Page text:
Does your dog dig holes in the back yard? Does he inappropriately greet people by jumping up on them? Have you ever been on a casual walk with your mutt and when you least expect it, you’re taken off of your feet in the opposite direction? These and many other undesirable behaviors are very easy to fix. All you need is a good motivator/reward for your dog, patience, and consistency.

The very first step in training your dog to stop pulling on leash, jumping, digging, barking, etc is to know your dog. What motivates him the best and most consistently? Does he love food? Use treats. Does he love to play ball all day? Use a tennis ball. Keep in mind that if what you plan to use is too high value that your dog can’t focus on the direction that you are trying to give him then you may need to use something of lesser value. Did you try to use hot dogs, but your dog couldn’t focus? Try using his kibble as a treat instead of putting it in his bowl at meal time. Did you try using a toy with a squeaker, but it was just too exciting? Try something a little less stimulating that your dog also will work for. Once you have decided on the best reward for your dog, you can move onto the next step.

In order to curb problem behaviors it is best if your dog already has the basics under his belt. Sit, down, stay, and a solid recall are all very important behaviors that every dog should know. These fundamental commands can all potentially save your dog’s life in a sticky situation. Here, we will discuss how to use these commands to alter problem behaviors that your dog may practice regularly. The first step is to decide on an alternative behavior for your dog. If your dog jumps on people while greeting, the obvious alternative is to have your dog sit politely. The main ingredient here will be prevention. Many dogs practice undesirable behaviors because they have been inadvertently reinforced for jumping, barking, etc. What is your reaction when your dog jumps up? Do you push or pull him off? To your dog, that is reinforcement. Your job to change this behavior is to prevent your dog from practicing it at all. Using your previously chosen reward, get your dog’s attention and have him sit. Reward him for this. Only once your dog is sitting will you allow people to greet him. If he gets up-start over. If you have to body block him to prevent him from jumping up-do it. Body blocking is where you place your body in front of your dog to gain his attention back and to interrupt the behavior that you are attempting to change. You aren’t touching your dog, you are only using the pressure of your body, like a border collie does while herding sheep, to move him.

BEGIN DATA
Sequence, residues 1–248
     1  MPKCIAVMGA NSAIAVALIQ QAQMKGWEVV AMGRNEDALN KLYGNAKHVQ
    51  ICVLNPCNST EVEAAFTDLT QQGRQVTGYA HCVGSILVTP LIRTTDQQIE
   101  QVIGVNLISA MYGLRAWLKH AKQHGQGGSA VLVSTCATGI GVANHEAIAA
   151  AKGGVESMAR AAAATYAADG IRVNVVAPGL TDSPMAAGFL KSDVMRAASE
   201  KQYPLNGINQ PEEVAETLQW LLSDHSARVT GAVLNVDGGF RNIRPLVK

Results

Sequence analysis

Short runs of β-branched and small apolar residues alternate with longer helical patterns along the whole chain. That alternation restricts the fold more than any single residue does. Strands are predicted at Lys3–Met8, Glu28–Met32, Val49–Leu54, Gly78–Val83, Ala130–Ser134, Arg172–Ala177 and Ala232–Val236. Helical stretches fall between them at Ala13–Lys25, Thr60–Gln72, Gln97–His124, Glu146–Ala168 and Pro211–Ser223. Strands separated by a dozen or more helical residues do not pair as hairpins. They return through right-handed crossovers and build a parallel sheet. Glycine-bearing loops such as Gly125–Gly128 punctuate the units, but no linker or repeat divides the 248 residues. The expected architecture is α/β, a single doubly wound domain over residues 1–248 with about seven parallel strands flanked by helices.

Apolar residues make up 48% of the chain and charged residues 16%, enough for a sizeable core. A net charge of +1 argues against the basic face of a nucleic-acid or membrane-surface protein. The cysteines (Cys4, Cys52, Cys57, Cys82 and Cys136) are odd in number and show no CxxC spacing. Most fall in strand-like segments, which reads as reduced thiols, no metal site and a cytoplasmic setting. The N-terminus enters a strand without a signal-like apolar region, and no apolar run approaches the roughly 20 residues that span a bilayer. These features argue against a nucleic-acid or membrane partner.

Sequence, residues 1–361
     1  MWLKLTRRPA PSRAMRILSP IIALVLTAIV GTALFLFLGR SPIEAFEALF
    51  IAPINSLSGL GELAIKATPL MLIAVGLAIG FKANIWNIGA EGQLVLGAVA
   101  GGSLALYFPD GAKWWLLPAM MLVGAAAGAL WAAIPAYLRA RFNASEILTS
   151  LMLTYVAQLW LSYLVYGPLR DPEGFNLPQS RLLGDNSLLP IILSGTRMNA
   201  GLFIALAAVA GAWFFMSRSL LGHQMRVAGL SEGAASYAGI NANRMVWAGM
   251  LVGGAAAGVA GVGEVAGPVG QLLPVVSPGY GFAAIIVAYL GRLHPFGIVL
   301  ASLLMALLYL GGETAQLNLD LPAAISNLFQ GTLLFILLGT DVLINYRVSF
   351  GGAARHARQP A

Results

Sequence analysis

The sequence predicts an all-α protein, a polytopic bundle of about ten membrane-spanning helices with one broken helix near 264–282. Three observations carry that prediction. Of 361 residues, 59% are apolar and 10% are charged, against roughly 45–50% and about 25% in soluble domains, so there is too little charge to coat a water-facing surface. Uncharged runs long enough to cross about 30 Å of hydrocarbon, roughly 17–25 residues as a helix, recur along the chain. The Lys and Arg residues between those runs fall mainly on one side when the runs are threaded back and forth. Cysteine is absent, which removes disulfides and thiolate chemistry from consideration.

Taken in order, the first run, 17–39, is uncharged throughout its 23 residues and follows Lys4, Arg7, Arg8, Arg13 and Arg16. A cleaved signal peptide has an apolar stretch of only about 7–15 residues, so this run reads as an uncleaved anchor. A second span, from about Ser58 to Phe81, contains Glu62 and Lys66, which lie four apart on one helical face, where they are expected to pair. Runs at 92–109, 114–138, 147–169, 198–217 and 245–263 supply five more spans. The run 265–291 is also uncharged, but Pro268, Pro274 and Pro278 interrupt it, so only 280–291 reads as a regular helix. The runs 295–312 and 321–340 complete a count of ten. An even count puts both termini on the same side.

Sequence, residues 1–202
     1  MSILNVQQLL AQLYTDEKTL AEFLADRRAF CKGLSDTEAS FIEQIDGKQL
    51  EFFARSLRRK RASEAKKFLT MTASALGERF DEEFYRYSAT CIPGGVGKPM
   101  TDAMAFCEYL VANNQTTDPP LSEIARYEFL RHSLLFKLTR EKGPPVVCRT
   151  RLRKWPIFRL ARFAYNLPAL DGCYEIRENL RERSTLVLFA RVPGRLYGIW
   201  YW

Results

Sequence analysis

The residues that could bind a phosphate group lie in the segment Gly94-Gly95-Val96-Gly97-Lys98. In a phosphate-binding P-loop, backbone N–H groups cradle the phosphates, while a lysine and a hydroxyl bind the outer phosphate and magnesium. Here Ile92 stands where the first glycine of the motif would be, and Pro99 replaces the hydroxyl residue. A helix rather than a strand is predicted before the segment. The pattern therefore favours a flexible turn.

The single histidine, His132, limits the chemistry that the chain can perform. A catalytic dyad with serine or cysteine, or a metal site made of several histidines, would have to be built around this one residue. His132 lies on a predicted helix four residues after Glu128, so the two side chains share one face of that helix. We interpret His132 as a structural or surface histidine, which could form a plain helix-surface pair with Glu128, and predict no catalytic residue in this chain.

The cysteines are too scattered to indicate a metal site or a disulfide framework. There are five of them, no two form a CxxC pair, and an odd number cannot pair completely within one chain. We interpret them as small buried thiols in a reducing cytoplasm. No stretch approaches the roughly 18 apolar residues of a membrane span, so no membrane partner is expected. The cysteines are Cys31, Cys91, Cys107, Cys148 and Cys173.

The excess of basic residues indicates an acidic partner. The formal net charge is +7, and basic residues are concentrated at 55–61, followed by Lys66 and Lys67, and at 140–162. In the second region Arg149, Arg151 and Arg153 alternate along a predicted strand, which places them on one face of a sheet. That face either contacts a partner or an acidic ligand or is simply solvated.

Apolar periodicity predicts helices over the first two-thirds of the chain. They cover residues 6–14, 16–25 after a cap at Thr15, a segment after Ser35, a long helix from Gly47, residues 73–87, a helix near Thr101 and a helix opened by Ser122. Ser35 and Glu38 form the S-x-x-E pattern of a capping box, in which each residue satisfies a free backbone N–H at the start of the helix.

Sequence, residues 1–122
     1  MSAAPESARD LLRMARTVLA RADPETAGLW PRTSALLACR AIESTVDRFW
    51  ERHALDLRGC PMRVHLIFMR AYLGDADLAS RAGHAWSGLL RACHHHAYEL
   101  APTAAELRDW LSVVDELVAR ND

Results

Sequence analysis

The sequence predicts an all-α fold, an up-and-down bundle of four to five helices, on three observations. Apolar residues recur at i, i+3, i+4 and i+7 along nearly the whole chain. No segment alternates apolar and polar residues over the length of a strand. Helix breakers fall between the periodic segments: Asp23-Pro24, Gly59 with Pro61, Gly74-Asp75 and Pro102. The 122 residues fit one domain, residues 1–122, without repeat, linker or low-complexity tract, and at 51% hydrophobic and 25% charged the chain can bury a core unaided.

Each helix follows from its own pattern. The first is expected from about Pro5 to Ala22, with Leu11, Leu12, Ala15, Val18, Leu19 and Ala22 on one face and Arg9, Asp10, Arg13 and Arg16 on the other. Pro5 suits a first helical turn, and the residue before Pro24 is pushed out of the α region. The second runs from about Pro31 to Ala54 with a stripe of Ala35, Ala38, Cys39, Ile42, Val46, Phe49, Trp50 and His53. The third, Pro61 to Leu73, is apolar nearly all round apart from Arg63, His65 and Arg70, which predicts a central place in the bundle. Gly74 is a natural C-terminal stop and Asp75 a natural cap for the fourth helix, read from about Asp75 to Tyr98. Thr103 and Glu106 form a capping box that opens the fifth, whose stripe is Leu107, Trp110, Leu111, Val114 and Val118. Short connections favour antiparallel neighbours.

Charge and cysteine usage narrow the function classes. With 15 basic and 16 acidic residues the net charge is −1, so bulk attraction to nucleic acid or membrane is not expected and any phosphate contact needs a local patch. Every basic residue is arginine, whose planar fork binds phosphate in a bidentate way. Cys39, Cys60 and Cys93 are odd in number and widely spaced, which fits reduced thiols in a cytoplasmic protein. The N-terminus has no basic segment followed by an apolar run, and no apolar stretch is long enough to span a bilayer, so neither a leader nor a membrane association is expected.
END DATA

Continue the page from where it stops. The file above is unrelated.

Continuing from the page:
Consistency will be key. Dogs do what works for them. So, if jumping up on people stops working and they are not getting attention or reinforcement of any kind for it, the behavior will eventually extinguish. Are you wondering how to translate this to other problematic behaviors? It’s simple. Choose an alternative behavior and reinforce only that. Don’t falter, because if you allow your dog to jump just once or inadvertently reward the behavior that you are attempting to remove from your dog’s repertoire, he will try it again. Many times to have success you will need to change the environment as well.

Setting up and managing your environment so that your dog is unable to jump, dig, bark, chew may be necessary for you and your dog to continue to succeed. Give them an appropriate place to dig, and reinforce them for using that area. An easy way to accomplish this would be to bury treats in a sand box. Your dog will naturally want to forage there, because he will be reinforced for it. If your dog chews your valued items, put up items that you don’t want destroyed. Make sure to replace those items with appropriate toys. Ignore barking and reinforce when your dog is calm and quiet. Dogs thrive on routine and structure. With patience, consistency, and positive reinforcement there is nothing that you and your dog can’t do.